Written by: Breeka Lí Goodlander, CWS, Town of Franklin, MA
“Save the Bees,” “Pollinator Patch,” and a myriad of other slogans are common-place today. One can’t travel far without seeing a sign denoting an area as a “Pollinator Friendly Patch” or shop at their local garden store without seeing seeds marketed for pollinators. So, what’s the buzz and what do we need to consider when planting a garden or restoring habitat for pollinators?
What is a Pollinator?
A Pollinator is any creature that helps carry pollen from the male part of a flower to the female part of the same or another flower according to the National Parks Service, such as bees, wasps, moths, butterflies, birds, flies, and bats. This movement of pollen must occur for the plant to become fertilized. For some plants, the only way they can become fertilized is via the movement of these insects and animals. Through this unique relationship and transfer of pollen, pollinators maintain the function and diversity of natural ecosystems.
Not unlike humans, pollinators exhibit cultural and regional differences. What a bee prefers is not always what a butterfly or a bat prefers. When choosing vegetation for your garden or restoration area, be sure to selectively choose plants that will provide different forage and habitat for your target pollinator species. Creating a successful habitat entails planting an area that provides diversity in bloom times, food sources (i.e. nectar, pollen), and shelter or nesting material.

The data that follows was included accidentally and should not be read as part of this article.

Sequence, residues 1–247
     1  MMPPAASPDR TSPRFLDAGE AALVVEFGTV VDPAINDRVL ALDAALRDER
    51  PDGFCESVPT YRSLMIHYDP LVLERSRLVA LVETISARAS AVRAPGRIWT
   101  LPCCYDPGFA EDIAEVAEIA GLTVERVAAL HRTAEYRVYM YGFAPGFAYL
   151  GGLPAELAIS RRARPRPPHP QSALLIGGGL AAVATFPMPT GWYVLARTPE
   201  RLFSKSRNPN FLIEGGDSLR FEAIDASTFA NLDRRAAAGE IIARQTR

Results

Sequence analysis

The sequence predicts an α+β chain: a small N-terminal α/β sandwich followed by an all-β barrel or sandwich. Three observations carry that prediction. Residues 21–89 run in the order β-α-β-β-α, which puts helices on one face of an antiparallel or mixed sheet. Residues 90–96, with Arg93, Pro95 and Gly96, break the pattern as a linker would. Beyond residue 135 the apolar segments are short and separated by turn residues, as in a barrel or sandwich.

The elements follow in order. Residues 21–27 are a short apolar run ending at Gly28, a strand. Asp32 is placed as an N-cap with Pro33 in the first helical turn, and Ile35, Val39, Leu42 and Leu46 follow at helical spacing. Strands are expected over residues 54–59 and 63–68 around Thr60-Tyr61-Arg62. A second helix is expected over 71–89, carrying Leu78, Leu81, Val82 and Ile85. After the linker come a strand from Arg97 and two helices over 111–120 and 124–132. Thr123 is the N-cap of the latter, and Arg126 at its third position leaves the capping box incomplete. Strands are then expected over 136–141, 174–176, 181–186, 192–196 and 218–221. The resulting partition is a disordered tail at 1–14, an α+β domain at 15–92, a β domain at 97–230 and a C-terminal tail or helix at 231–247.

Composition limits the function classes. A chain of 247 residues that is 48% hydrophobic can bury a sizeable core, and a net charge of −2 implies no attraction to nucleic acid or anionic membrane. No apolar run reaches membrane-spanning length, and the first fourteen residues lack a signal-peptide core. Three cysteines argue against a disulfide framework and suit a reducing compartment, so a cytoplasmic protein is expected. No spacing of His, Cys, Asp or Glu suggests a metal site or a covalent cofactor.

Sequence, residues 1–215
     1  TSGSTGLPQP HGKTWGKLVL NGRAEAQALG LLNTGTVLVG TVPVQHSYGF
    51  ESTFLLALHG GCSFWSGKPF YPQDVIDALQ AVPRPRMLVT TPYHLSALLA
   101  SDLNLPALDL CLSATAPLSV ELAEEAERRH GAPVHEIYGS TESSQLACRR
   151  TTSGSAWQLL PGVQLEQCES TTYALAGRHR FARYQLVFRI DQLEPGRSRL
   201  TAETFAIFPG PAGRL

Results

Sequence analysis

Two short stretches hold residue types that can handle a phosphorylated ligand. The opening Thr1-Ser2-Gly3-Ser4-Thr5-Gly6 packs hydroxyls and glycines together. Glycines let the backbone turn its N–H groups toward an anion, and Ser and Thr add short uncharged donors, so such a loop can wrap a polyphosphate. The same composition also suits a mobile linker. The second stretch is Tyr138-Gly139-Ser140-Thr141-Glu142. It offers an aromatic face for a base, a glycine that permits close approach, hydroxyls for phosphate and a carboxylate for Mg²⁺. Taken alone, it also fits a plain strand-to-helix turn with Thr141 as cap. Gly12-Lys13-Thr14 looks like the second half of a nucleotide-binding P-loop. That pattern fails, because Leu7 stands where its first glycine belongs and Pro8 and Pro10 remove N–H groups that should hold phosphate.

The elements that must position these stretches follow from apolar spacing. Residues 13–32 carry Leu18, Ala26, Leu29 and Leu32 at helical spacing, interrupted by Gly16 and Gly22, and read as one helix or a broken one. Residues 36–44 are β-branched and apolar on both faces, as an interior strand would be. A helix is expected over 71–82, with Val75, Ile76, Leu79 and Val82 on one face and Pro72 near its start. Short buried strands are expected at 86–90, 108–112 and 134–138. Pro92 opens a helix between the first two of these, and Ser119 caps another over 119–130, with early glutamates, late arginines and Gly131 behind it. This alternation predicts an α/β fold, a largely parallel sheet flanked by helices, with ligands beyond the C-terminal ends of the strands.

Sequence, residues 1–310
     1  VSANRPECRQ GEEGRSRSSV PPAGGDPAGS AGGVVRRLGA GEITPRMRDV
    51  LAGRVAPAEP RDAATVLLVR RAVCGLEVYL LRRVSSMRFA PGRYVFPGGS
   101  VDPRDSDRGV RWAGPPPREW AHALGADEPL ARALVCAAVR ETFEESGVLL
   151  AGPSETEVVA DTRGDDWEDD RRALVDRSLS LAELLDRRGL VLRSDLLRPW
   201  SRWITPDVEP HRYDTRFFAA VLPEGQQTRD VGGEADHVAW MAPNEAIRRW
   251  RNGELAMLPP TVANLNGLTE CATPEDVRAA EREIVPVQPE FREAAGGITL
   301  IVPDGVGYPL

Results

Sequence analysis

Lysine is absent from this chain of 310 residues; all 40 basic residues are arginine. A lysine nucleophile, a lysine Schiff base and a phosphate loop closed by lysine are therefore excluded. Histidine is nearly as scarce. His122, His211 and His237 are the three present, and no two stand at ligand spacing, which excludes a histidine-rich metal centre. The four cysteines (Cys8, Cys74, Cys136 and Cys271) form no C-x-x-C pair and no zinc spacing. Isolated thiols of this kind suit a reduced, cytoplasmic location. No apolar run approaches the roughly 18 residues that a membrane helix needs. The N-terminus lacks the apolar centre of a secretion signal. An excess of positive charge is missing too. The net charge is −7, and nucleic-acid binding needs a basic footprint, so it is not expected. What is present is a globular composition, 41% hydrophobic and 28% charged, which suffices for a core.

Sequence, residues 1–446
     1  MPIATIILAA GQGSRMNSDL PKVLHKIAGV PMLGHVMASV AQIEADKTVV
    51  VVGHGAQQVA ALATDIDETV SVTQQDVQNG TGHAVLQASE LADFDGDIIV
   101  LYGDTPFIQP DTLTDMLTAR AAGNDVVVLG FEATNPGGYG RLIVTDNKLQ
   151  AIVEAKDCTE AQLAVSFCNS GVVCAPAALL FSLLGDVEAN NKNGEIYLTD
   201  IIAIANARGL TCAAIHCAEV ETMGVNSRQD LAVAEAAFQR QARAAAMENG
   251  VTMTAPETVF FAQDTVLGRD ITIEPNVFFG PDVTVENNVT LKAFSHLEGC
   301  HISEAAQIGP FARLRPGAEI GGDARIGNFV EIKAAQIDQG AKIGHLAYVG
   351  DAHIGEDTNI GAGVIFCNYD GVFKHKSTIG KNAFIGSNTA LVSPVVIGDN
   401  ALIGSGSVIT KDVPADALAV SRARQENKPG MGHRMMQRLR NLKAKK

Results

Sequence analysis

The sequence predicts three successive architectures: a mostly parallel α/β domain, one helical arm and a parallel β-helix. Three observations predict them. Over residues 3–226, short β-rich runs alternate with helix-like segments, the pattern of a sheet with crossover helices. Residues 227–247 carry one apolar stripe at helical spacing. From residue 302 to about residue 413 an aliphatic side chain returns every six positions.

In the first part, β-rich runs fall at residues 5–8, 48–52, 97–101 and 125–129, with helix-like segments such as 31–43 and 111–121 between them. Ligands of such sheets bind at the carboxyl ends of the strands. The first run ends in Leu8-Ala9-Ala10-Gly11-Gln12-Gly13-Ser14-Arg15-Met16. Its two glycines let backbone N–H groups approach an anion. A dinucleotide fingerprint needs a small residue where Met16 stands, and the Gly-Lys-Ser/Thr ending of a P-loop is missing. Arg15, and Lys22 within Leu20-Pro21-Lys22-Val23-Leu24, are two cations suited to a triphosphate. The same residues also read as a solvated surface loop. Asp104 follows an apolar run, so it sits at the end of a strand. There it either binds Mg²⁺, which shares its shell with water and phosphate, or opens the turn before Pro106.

For example, beetle pollinated flowers are usually large, greenish or off-white in color, and heavily scented. Fly pollinated plants mimic dead animals or dung, are often brown or orange in color, and have a strong, unpleasant odor. Flowers attractive to hummingbirds tend to be large, odorless red or orange tubes with a plethora of diluted nectar secreted throughout the day. Butterfly pollinated flowers tend to be large, scented, showy, pink or lavender in color, and frequently have a landing area. Since most butterflies do not digest pollen, these flowers often contain more nectar than pollen as a reward. Lastly, bee pollinated flowers tend to be white, yellow, or blue and often have ultraviolet nectar guides. These plants offer nectar, pollen, or both as a reward for their hardworking visitors.
Why are pollinators the “bee’s knees” and why do we need them?
So Now we understand that planting for our target pollinator species is important, but why does it matter? In 2006, entomologists John Losey and Mace Vaughn identified the economic value of the ecosystem services provided by insects specifically. They estimated that insects, excluding honey bees, provide $72 billion annually to our global economy in four distinct sets of services: pollination, waste decomposition, pest control and food for game and wildlife species. For example, honey bees alone are directly responsible for between $251 and $617 billion (inflation adjusted) worth of food produced and sold in global markets annually. If we consider the annual contributions of non-managed native bees, we receive an additional benefit of $4 billion (inflation adjusted) worth of food production. Insects and other arthropods are also important for pest control. On an annual basis, these helpful critters are estimated to provide $5.73 billion worth in pest control, excluding the cost savings from not having to purchase, use and store pesticides according to Losey and Vaughn. Considering that approximately 57% of biological life on the planet is insects, weighing about 1 gigaton, there is a huge service to be benefitted from for free. These calculations don’t even consider the pollinating services provided by birds and small mammals. Imagine these numbers if these other species were included!